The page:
Date Published: October 10, 2016
Publisher: Public Library of Science
Author(s): Diane K. Ehlers, Jason Fanning, Elizabeth A. Awick, Arthur F. Kramer, Edward McAuley, Maciej Buchowski.
Contamination is commonly overlooked in randomized trials. The present study examined contamination (minutes of aerobic activity outside of exercise sessions) within an active control condition in a 6-month randomized exercise trial for older adults. We hypothesized that outside aerobic activity would be greater in the control condition compared to the intervention conditions. Participants (mean age = 65.06 years, 66.2% female) were randomly assigned to: Dance (n = 50), Walking, (n = 108), or Strength/Stretching/Stability (SSS; n = 48). Dance and Walking represented the experimental conditions and SSS the control condition. Participants attended exercise sessions three times weekly for 24 weeks. Participants recorded their physical activity outside of class on a weekly home log. Group assignment and covariates (age, gender, body mass index, exercise session intensity and enjoyment, and program adherence) were examined as predictors of weekly aerobic activity outside of exercise sessions. Participants who returned zero home logs were removed from the dataset (final N = 195). Out-of-class aerobic activity was lowest in the Walking group. Significant effects of gender, group, enjoyment, and intensity on out-of-class weekly aerobic activity were observed, all p<0.003. Higher perceived enjoyment of exercise sessions was associated with more out-of-class aerobic activity, while higher perceived intensity was associated with less out-of-class aerobic activity. A group x intensity interaction, p = 0.002, indicated that group differences in out-of-class aerobic activity were evident only among those with lower intensity perceptions. Walkers may have perceived exercise sessions as sufficient weekly exercise, while the Dance and SSS groups may have perceived the sessions as necessary, but insufficient. The lower aerobic intensity Dancers attributed to exercise sessions and non-aerobic nature of SSS may partially explain contamination observed in this study. Further examination of contamination in randomized controlled exercise trials is critically needed.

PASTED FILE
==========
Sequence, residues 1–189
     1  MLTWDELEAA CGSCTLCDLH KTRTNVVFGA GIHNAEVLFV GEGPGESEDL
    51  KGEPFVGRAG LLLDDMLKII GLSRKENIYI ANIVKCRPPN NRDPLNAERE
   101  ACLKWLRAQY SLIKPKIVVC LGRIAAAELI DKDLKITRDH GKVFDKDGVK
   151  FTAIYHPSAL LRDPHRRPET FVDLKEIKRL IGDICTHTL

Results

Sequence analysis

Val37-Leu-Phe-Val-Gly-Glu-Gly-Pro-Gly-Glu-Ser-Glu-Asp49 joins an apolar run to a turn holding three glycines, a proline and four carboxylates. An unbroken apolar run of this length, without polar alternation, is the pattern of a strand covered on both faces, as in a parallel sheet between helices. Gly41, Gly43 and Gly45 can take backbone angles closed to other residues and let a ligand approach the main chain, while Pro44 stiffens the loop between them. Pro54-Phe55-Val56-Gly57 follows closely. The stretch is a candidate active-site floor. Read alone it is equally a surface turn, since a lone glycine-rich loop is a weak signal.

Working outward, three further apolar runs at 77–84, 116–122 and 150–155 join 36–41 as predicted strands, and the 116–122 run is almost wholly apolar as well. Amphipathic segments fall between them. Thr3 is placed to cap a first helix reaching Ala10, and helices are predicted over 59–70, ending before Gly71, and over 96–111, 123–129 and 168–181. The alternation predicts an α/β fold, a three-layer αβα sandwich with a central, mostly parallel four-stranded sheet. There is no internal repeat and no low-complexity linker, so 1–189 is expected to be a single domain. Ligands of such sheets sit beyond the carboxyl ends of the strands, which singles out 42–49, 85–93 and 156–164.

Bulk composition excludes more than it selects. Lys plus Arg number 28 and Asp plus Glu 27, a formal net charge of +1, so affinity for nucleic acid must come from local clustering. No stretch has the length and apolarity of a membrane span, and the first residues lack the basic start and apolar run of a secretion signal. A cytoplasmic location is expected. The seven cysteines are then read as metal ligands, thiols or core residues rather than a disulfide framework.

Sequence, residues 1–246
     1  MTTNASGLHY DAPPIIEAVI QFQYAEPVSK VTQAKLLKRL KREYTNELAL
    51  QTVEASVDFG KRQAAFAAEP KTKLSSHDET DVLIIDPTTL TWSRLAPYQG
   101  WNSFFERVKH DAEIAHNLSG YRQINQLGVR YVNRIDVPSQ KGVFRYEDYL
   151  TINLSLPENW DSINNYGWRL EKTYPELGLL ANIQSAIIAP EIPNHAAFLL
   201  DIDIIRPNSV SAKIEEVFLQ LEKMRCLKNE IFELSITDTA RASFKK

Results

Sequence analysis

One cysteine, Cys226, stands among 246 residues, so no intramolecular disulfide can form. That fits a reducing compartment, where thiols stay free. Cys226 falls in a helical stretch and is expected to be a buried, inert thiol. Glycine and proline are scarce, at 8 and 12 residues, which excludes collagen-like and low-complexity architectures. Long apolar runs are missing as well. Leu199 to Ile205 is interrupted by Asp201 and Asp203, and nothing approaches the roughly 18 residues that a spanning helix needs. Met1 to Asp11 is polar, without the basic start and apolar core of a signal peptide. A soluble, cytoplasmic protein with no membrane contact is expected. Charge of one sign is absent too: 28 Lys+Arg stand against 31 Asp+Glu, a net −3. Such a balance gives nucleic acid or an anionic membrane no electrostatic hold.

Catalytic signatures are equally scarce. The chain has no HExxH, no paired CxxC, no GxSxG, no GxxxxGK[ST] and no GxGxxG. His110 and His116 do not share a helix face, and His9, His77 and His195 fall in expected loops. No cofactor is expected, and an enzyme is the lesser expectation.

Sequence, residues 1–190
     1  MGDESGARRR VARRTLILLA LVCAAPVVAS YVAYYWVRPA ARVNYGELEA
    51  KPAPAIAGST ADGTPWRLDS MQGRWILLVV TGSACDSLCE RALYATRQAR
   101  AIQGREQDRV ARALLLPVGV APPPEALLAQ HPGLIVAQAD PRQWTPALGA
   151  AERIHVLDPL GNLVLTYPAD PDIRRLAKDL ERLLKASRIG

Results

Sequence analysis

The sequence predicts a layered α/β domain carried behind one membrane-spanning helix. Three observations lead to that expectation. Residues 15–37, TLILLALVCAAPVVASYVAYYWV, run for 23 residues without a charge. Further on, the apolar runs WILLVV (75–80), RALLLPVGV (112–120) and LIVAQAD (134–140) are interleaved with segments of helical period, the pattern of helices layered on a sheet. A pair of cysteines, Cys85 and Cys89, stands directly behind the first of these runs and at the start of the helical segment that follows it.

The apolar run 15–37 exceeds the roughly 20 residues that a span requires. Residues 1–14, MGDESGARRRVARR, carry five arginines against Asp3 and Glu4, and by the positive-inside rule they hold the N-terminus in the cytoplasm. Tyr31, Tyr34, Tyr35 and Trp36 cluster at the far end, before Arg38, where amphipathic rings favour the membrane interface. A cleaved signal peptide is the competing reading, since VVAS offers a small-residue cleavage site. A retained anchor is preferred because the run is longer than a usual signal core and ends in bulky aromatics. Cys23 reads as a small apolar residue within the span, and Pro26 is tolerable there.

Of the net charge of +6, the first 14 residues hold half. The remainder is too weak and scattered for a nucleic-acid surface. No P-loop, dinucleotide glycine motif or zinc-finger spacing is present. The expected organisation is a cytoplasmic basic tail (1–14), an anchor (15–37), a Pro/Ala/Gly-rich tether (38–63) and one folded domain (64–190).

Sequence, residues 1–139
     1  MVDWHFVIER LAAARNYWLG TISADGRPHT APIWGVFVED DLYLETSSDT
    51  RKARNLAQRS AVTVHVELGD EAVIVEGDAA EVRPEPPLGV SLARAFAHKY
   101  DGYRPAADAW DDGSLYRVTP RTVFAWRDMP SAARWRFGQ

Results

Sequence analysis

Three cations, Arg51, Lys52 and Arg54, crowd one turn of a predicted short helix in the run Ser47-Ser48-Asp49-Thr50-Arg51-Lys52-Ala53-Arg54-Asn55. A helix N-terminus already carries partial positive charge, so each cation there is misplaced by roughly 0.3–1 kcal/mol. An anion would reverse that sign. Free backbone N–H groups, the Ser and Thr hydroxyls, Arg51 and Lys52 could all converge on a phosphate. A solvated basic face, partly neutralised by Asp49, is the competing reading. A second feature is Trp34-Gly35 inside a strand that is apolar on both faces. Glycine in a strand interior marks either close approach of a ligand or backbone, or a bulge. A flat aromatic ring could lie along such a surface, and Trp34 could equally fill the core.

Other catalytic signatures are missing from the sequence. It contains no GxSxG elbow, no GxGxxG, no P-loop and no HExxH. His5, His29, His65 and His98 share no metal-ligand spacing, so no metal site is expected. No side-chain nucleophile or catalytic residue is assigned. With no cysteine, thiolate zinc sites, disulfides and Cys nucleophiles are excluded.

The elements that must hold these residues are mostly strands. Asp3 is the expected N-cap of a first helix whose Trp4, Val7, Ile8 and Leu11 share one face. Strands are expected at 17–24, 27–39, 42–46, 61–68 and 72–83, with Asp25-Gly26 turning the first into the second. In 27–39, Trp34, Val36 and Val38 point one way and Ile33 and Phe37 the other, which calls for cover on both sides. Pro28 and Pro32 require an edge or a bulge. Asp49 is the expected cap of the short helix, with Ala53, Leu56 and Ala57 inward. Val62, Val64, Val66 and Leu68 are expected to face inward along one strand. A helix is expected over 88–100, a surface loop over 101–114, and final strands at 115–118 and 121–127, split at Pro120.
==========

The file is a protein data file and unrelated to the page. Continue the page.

Although most researchers aim to maximize adherence among participants enrolled in intervention trials, minimizing contamination between conditions is an often overlooked problem in health behavior research [1,2]. Adherence refers to the degree to which the participant fulfills or completes intervention activities and is typically reported in published randomized controlled trials (RCTs). Contamination, on the other hand, reflects the extent to which participants in a control condition adopt the experimental treatment . For example, in a study testing the effects of aerobic exercise on a particular health outcome, adoption of aerobic activity by the control condition may serve as a point of contamination. Designing orthogonal intervention and control groups in health behavior and psychological research is often challenging due to potential placebo effects, Hawthorne effects, attentional differences, treatment preferences, and differential outcome expectations between groups [3–7]. These biases may cause researchers to commit Type I or II errors by way of incorrectly attributing effects resulting from these biases to the active intervention or failing to observe significant effects due to control participants’ adoption of intervention-targeted behaviors . Health behavior RCTs, such as exercise trials, may be particularly susceptible to contamination because participants are often unblinded to group assignment; characteristics of the groups, such as the group facilitator or social environment, may differ; and prevention of non-study activity behaviors are ethically beyond the control of the researcher [4,7–9].